Personally, I am going to place all my efforts in getting a better LSAT score. For my application fee, I wished they examined these applications with greater scrunity. Anybody have any thoughts on how to leverage significant work experience and post-graduate academic accomplishments to gain admissions to law school? It is difficult to explain to a law school admissions committee why the critical thinking and technical writing gained through post-bac experience are important for law school. Do you think having a diverse profession experience helps or hinders an applicant? Why do you feel this way?

Thanks,

NW 
Title: Re: Non-Traditional GPA/ Experience
Post by: mbw on May 26, 2008, 10:29:41 AM
Hi everyone,

Applied to four schools with 16 years experience, MS,5 scientific publications, and 3.6 graduate gpa. I am at a loss as to what law schools want. Waitlisted for one school. I think USNWR has changed things were the emphasis is on LSAT scores to improve rankings. Honestly, I get the impression that the only post-bac accomplishment which demonstrates intellectual potential for law school is the LSAT. This process seems a bit myopic. I have a friend who has a PhD and is the same boat as I am. The sheer volume of applicants, some from grade inflated schools/degrees, and rankings make it more difficult for a non-tradtional science applicant to get accepted. A fact that I found out recently was that graduate transcripts are not sent to the law school as part of your LSDAS report. Thus, the law school don't see those grades.

Personally, I am going to place all my efforts in getting a better LSAT score. For my application fee, I wished they examined these applications with greater scrunity. Anybody have any thoughts on how to leverage significant work experience and post-graduate academic accomplishments to gain admissions to law school? It is difficult to explain to a law school admissions committee why the critical thinking and technical writing gained through post-bac experience are important for law school. Do you think having a diverse profession experience helps or hinders an applicant? Why do you feel this way?

Thanks,

NW 

NW, would you PM with your UGPA and current LSAT score?  I'm in a similar boat, but put off applying until this fall in order to better my LSAT score (retaking this June.)
Title: Re: Non-Traditional GPA/ Experience
Post by: weymo001 on May 26, 2008, 10:44:30 AM
Hi Frybread,

PM? Stats: 2.6 Undergraduate GPA, 3.6 Graduate GPA, and 157 LSAT. My point is with this post is that there are other indicators of intellectual potential. The question is how do I convince an admissions committee they are important?
I am seriously considering writing to law professor in patent law or contributing to his blog to get advice and support for my application.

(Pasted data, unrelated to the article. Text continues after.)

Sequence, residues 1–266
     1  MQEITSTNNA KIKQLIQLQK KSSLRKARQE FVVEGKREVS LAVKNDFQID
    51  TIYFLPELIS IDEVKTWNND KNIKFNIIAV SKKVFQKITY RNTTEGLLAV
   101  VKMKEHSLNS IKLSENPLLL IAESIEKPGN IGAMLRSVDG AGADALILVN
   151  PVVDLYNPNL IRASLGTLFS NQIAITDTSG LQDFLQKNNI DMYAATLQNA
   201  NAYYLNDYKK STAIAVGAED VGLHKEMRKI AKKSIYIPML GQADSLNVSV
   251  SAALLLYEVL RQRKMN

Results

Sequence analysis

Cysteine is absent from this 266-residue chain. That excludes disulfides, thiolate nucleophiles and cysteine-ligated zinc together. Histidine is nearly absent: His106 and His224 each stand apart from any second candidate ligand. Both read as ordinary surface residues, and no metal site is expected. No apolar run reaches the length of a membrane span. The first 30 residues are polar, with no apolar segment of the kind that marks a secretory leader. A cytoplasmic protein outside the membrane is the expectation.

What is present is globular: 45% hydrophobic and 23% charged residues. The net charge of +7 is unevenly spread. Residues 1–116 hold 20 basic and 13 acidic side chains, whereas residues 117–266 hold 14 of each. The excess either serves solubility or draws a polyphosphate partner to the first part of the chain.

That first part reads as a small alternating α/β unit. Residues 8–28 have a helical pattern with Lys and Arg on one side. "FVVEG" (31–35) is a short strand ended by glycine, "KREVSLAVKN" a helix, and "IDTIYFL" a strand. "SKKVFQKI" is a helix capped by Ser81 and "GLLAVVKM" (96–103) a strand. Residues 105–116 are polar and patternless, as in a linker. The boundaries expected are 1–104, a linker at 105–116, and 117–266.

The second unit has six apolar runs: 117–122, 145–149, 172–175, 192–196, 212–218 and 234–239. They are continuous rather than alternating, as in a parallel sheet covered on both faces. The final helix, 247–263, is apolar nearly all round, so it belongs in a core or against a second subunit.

Any thoughts?


Title: Re: Non-Traditional GPA/ Experience
Post by: mbw on May 26, 2008, 11:32:56 AM
Hi Frybread,

PM? Stats: 2.6 Undergraduate GPA, 3.6 Graduate GPA, and 157 LSAT. My point is with this post is that there are other indicators of intellectual potential. The question is how do I convince an admissions committee they are important?
I am seriously considering writing to law professor in patent law or contributing to his blog to get advice and support for my application.

Any thoughts?

Do you mean Lessig?  If so, it couldn't hurt, and he's very approachable (he and my spouse correspond infrequently, as they sometimes work on the same issues.)  You could also contact directly the schools which rejected you and ask if there were other issues besides UGPA/LSAT which could strengthen your application in the future.  Maybe someone will be willing to provide further insight.

But having similar stats as you (slightly higher UGPA and GGPA, same LSAT, 20 years work experience,) I engaged the services of an admissions consultant (a former T14 dean) whose foremost recommendation was for me to get my LSAT above 160 (for T15-50,) with a 165 to put T14 within reach.  His rationale was that law schools really need to see some indication that an older student possesses the academic skill set sufficient for success in law school.  With undergrad so far removed, and graduate GPA not a particularly good indicator, adcomms are left with the LSAT.  It's a hard fact, but I don't know if it's one we can get around easily.  In fact, I know that if I don't hit that 165 mark this time, I probably will forgo applying at all.
Title: Re: Non-Traditional GPA/ Experience
Post by: weymo001 on May 26, 2008, 12:09:43 PM
Hi Lessig,

Do you really think the cost of an admissions consultant is worth it? Would a better investment of money be in a prep LSAT class?